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Sandy Bridge Microarchitecture

As we’ve mentioned, the Sandy Bridge microarchitecture is almost completely new. The out of order execution engines and the Floating Point units in Sandy Bridge were re-designed from the ground up in an effort to further optimize for power efficiency and performance over previous Intel processor designs.

In the OOO engines, Intel went to a physical register file. This reduces die area and can also lower power because it eliminates duplicated data in various registers and minimizes the amount of of data movement around the chip. This, and other techniques used in the OOO engines allowed Intel to incorporate larger OOO buffers, which also provide a bigger window to find Instruction Level Parallelism (ILP), which can increase performance on legacy code. The reduction in register space and data movement is also essential for AVX (Advanced Vector Extensions), where data vectors are 2x the size of previous generations. AVX is a new set of instructions in Sandy Bridge that improves Floating Point and Vector computation performance.

The brand prediction units in Sandy Bridge were also completely redesigned. Intel’s branch predictors in Nehalem were already very efficient, but changes were made to the branch predictors in Sandy Bridge to provide more accuracy through more branch targets, more branch history and other mechanisms, while keeping similar die area to Nehalem. According to Intel, the changed here included “better representation of the additional information (such as longer history) in the same or similar amounts of bits. For example, split targets into close ones (that require less address bits for knowing the distance) and far ones (that require all the address bits). Similarly for history – find out what history can be reduced, and use the freed-up bits for the branches that require more history.”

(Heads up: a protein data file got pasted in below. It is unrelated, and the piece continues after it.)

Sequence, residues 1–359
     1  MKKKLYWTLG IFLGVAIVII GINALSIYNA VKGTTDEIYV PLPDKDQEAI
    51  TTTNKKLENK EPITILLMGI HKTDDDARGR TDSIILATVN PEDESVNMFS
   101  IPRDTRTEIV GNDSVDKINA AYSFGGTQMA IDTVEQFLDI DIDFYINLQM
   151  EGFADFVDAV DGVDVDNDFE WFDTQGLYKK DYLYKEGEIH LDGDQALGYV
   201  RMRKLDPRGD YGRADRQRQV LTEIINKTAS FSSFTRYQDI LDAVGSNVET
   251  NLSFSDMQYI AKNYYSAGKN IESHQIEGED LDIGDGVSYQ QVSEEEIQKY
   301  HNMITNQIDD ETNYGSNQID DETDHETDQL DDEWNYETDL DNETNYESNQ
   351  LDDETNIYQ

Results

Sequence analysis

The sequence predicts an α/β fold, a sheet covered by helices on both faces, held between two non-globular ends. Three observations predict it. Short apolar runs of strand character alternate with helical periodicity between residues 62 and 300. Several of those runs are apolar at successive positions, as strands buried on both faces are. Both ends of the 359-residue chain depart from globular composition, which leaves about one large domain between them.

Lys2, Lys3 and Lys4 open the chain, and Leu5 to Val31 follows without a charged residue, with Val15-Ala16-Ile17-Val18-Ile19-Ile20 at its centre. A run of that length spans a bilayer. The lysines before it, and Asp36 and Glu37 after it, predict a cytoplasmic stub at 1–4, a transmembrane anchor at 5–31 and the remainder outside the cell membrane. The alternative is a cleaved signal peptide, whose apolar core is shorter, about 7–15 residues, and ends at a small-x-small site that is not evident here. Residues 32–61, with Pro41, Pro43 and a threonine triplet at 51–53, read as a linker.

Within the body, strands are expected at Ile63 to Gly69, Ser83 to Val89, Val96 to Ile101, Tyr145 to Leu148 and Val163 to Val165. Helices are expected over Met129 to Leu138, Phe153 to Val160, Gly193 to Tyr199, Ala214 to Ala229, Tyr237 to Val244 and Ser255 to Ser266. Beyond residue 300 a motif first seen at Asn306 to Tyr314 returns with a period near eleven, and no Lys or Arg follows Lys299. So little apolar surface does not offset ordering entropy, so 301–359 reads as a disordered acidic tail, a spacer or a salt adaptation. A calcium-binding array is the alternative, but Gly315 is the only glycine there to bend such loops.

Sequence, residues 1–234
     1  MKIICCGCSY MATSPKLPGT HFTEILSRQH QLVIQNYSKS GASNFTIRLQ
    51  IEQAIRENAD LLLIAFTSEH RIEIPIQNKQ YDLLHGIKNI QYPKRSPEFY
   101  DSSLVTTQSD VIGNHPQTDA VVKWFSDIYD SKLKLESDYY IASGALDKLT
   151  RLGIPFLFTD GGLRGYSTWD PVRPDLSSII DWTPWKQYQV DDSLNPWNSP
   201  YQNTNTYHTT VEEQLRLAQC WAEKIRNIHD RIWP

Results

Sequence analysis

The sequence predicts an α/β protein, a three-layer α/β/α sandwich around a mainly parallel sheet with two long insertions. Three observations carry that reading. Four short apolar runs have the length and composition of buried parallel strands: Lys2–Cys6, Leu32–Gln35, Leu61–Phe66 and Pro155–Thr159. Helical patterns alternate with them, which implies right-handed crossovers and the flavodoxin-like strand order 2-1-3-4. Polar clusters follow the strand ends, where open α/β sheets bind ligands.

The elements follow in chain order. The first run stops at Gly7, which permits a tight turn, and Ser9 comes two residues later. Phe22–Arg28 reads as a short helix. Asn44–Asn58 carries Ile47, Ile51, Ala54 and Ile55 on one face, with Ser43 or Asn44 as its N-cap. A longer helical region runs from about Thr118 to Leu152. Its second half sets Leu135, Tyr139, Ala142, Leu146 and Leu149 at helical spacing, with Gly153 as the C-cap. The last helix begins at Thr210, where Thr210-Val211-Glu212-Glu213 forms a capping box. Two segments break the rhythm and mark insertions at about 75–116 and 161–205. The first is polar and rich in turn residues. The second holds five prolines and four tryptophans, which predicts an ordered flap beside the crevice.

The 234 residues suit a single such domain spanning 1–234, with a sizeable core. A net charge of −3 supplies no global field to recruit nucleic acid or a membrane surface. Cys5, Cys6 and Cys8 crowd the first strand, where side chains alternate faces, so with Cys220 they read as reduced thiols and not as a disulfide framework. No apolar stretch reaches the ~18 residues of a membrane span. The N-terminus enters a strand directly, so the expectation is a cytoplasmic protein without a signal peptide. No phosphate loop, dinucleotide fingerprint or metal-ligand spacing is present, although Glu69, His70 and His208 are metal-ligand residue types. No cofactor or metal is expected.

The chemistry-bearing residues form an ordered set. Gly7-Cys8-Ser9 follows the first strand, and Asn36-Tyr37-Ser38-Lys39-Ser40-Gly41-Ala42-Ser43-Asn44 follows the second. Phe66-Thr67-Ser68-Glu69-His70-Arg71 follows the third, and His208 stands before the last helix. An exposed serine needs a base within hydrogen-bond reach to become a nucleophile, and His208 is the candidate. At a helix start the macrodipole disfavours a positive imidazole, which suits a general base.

Sandy Bridge is also outfitted with new micro-op cache. The decoded micro-OP cache provides high and consistent bandwidth, at much lower latency, than the traditional front end decode path. It also provides the UOPs at much lower power than the traditional front end.

The cache structure in SB is somewhat of a departure from previous designs as well. There are specific amounts of L1 and L2 cache per CPU core and a larger Last Level Cache that both the CPU and graphics cores can share. The LLC helps both 3D graphics and Media (video) by providing very high bandwidth, low latency and low power data repository. Intel also built in a fine grained shared cache control at the per data stream (or data buffer) level for the graphics core that allows us to fine tune the cache sharing. For example, for H.264 video decoding, Intel was able to cut down the DRAM bandwidth by roughly 50% by mapping small scratch buffers to the last level cache while allowing other large video buffers to bypass the LLC.

Another new feature of Sandy Bridge is a high-bandwidth, low-latency ring bus that links all of the core elements in the processor. The system agent, CPU execution cores, graphics core, and last level cache are all linked on the ring bus, which is used to quickly route date to and from these core processor elements.

Making a return on Sandy Bridge is Intel’s Turbo Boost technology, but it too has been revamped. In addition to allowing the CPU cores to be dynamically overclocked, Turbo can also boost the frequency of Sandy Bridge’s integrated graphics core as well. In addition, the new Turbo Boost implementation will also allow Sandy Bridge processors to run beyond their rated TDP in short spurts to further increase performance.


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